Facebook’s Watch video-streaming platform has been rolled out worldwide, nearly a year after its initial launch in the US.
Watch gives users of the social network a hub to discover content (including live streams), create watch feeds and archive saved videos from the news feed. Facebook also promises to bring ‘interactive’ experiences, including ‘Watch Parties’, premieres and interactive quiz-style shows, and unique-to-platform content.
Making the service available to its global audience will have put the video service on a similar par to YouTube overnight, meaning both new and existing partners will now have increased access to billions of users.
It also opens up a potentially vast new source of ad dollars for the social site which has been battling slowing revenue growth this year and limited supplies of available inventory for some time.
Watch creators will now be able to ‘auto-add’ relevant pre-roll and mid-roll ads to content providing they have hit certain metrics; their videos must be over three-minutes long; have accrued more than 30K one-minute views in the past 12 months; have 10K followers; and meet Facebook’s eligibility standards.
At present, only videos shown to audiences in the UK, US, Ireland, Australia and New Zealand will have the feature. If the creator ticks all the boxes and ads are served, the social network will take 45% of all ad revenue – which while seemingly hefty, amounts to more or less what YouTube charges its publishers as standard – leaving the creator with the remaining 55% share.
A slow start
Facebook says its US launch of Watch attracted 50 million viewers per month, while total time spent within the tab has increased by 14 times since the start of the year. While this might sound like a substantial user base, though, it represents less than a quarter of the site’s North American audience, and that might be coming down to an awareness issue.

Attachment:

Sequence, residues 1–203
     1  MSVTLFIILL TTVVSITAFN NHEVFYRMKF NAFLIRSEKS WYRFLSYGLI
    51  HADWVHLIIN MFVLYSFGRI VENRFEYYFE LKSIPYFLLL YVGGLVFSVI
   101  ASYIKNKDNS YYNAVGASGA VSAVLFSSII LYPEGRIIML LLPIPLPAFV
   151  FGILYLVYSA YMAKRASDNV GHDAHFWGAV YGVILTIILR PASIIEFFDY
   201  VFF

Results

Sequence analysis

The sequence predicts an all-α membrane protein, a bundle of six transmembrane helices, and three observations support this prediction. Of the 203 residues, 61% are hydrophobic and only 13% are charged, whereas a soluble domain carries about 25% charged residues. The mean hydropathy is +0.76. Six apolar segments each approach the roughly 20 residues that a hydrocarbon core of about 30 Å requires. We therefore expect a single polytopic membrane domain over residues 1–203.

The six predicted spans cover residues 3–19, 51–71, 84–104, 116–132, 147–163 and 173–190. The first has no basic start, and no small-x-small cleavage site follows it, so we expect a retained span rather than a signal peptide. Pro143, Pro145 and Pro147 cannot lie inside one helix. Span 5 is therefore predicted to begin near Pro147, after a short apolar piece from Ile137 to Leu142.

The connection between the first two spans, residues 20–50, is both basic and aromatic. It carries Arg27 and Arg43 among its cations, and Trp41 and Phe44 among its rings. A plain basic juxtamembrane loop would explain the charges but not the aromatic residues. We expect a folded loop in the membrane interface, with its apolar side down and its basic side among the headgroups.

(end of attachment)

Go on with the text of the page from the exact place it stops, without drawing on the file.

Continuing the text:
In a survey of more than 1,500 adult Facebook users by Diffusion Group, 50% said they had never heard of Watch, while 24% said they were aware of the service but never used it. Just 14% said they used Watch at least once a week.
It has also reportedly struggled with poor retention rates, prompting industry comments from industry experts that “lots of people sample, few return”.
Facebook is attempting to battle these figures with exclusive content, with plans to spend approximately $1bn by the end of the year on unique programming with “global appeal”, partnering with big production companies such as Endemol and independents.
It’s also providing creators with a ‘loyalty insights’ tool, which feature metrics on audience retention, allowing publishers to monitor the content leading to longer views and return visits.
In efforts to reassure advertisers in its media announcement, Facebook added that more than 70% of mid-roll video ads across its platform are viewed to completion.
It’s worth noting, though, that while it will likely be differentiating Watch in terms of its core content, in launch the platform it puts itself in competition with its own IGTV on Instagram. As noted by MediaCom’s CEO, Josh Krichefski, speaking to Mobile Marketing, however, social platforms can hardly opt to steer clear of video.
“Video is to be an integral part of any brand and social media platforms' arsenal, and Facebook Watch's launch is further evidence of just how far companies are pushing live and on-demand video – particularly longer-form content," said Krichefski.
"Alongside Snapchat and Instagram's recent foray into video with IGTV, Facebook's Watch will now compete for the audience's attention and look to grab a slice of this increasingly iced cake.”
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